Destroying "only" your home directory (was Re: Newbie question on permissions)
Michael V. De Palatis
mdepalatis at mail.utexas.edu
Sun Apr 2 00:40:22 UTC 2006
On Sat, Apr 01, 2006 at 04:29:19PM -0600, Matthew R. Dempsky wrote:
> On Sat, Apr 01, 2006 at 09:51:28PM +0100, Daniel Carrera wrote:
> > If someone writes a Linux virus (difficult) and you open it with an app
> > running as root, or run it from a root terminal, it could destroy your
> > entire system. Otherwise, the most it can destroy is your home.
> This is something that has always bugged me: privelege separation
> between root and users is primarily desirable for system administrators
> of multi-user machines, not single-user machines.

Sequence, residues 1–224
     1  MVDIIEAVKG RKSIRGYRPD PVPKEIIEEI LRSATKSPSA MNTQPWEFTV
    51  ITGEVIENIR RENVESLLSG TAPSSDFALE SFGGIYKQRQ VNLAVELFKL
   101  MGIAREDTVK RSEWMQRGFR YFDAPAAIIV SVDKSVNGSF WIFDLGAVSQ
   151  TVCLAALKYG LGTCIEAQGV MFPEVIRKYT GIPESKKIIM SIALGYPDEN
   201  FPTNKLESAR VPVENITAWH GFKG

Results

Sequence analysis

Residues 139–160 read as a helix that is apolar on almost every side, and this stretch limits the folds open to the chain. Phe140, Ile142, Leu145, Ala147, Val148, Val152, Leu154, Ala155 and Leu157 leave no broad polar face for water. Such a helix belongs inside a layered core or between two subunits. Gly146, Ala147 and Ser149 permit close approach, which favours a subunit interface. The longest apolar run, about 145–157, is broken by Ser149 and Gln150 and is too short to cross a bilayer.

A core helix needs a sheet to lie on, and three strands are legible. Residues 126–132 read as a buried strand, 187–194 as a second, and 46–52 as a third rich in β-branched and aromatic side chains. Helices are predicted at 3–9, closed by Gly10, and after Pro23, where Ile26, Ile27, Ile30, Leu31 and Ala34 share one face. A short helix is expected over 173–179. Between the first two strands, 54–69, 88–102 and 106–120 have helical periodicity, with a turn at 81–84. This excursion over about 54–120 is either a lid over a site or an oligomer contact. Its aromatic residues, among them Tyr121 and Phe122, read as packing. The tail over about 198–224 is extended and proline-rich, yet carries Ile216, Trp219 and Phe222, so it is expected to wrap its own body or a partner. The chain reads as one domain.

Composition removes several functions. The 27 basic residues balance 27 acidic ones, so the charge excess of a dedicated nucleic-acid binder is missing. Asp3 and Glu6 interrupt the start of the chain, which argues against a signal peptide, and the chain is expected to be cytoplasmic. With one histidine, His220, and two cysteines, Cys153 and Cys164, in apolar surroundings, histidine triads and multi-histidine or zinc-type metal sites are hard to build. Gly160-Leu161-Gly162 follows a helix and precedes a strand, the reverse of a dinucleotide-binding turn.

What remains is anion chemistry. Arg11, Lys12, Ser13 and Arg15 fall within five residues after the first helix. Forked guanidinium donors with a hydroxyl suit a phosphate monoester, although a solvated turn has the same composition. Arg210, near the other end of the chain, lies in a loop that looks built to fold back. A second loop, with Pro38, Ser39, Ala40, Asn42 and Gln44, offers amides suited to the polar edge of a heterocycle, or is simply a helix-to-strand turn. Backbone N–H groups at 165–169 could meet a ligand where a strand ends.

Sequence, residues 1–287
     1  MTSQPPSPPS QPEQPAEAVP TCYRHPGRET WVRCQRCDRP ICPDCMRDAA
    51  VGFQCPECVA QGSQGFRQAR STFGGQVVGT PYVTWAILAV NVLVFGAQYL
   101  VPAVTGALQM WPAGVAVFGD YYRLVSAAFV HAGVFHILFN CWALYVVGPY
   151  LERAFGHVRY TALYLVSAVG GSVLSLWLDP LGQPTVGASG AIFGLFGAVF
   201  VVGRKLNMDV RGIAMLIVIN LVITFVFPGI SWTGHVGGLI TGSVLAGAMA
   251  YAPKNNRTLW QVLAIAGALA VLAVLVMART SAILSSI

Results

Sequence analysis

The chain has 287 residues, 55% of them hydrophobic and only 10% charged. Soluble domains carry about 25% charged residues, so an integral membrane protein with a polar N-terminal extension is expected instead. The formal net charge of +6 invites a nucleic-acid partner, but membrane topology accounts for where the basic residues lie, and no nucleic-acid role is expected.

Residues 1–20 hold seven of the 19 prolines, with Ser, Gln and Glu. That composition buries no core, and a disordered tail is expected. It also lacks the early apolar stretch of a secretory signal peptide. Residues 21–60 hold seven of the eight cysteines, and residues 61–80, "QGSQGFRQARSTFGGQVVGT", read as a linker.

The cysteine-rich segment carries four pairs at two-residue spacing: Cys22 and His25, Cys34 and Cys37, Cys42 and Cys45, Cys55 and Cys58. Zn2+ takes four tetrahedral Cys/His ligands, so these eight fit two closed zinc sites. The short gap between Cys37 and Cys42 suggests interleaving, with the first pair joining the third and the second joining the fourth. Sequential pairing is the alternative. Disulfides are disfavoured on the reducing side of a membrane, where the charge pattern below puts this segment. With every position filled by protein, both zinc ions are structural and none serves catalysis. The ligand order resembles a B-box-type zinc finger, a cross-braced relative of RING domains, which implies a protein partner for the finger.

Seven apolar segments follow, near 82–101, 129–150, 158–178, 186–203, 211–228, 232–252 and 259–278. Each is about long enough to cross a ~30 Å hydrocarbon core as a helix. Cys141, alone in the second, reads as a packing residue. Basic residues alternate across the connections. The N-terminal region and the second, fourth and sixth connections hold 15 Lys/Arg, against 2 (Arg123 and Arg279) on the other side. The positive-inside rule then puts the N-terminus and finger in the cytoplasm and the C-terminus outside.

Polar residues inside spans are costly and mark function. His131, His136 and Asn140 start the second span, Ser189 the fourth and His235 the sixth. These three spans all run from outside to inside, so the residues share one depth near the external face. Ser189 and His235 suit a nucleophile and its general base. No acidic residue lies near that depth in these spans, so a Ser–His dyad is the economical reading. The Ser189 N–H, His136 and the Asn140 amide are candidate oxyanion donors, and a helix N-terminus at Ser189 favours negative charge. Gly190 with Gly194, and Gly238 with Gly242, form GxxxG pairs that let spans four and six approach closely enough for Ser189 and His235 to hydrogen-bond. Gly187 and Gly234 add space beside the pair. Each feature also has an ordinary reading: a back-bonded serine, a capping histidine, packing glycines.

Quite frankly, it's attitudes like these that make systems like
Windows so insecure. Ideally, if everything works, you rarely even
need enter the administrator password in order to change settings. So
why should it be such a big deal to have to those few times you need
to? It prevents you from getting screwed by accidentally running `rm
-rf /', for example.
> The system files on my laptop aren't of that much importance to me.
> Sure, it's an inconvenience to replace them, but that's no more
> difficult than installing in the first place.
But you still need them. If you're not touching them, where's the
> The files in my $HOME directory are precisely the ones I'm most
> concerned about losing due to malice.
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